Belfast judge vows to jail anyone who robs small shops or businesses
A Crown Court judge issued a stark warning on Monday that anyone who robbed small shops or businesses should expect "immediate imprisonment."
Belfast Recorder Judge David McFarland spoke as he sent two men who stole money from the till of a south Belfast coffee shop to prison.
William John Mulholland and Adam Coleman appeared at Belfast Crown Court where they each admitted a single charge arising from the incident, which occurred at the Community Cafe on University Street last summer.
Mulholland (36) from Westland Way in Belfast was handed a 16-month sentence for theft, while his 31-year old co-accused, from Saul Street in Downpatrick, was sentenced to two years for robbery.
Both men were told they would spend half their terms in prison, followed by the same period on licence when they are released.
A Crown prosecutor said the pair targeted the coffee shop around tea-time on July 14 last year. At 6.15pm, the pair were seen outside a local hostel. Five minutes later they were captured on CCTV talking to a woman, and Mulholland was seen taking a grey hoodie from her.
The pair were then seen walking down an alleyway before re-appearing a few minutes later with their hoods up and their faces covered.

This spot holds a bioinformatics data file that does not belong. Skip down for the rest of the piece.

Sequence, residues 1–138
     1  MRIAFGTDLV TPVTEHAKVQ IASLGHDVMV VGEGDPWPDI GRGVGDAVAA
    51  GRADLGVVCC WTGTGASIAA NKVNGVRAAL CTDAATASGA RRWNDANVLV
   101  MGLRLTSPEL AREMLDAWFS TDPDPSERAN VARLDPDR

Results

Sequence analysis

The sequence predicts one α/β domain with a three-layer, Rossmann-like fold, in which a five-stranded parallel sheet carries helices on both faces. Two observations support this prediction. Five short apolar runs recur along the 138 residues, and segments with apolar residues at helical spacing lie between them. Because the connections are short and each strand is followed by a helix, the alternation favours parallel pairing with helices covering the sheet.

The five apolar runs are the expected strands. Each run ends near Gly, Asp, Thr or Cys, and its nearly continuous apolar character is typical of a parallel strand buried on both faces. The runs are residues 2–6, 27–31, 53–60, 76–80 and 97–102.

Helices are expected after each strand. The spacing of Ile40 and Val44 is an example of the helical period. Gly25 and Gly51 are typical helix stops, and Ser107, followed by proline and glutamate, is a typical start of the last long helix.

They then entered the cafe, and the prosecutor said there was "some shouting about giving them the money." Both men then grabbed money from the till before fleeing with around £100.
While Mulholland was arrested the following day, Coleman was apprehended on July 20. Mulholland admitted he had put his hand in the till and taken around £50. He also told police he thought what he did was wrong, and that he was sorry.
When he was interviewed, Coleman accepted both grabbing money from the till, and that his behaviour would have frightened staff.
The prosecutor told the court Mulholland had 47 previous convictions, while at the time of last summer's incident, Coleman had a clear criminal record. She also said: "Both defendants seem to have issues with drink and drugs."
A barrister acting for Mulholland said his client was diagnosed with schizophrenia, was "vulnerable to coercion", and often "gets himself into trouble under the guidance of others".
The barrister also spoke of difficulties in Mulholland's life which included little family support, addiction issues and living a "hand to mouth, nomadic, homeless existence".
Coleman's barrister said his client was "pretty heavily intoxicated at the time of the offence", and occurred during a period when his life was "in freefall", depressed and paranoid.
Pointing out the offence "completely out of character", the defence counsel also spoke of Coleman's alcohol addiction.
Sending both men to prison, Judge McFarland warned that targeting small businesses would result in "immediate custody."
Belfast Telegraph Digital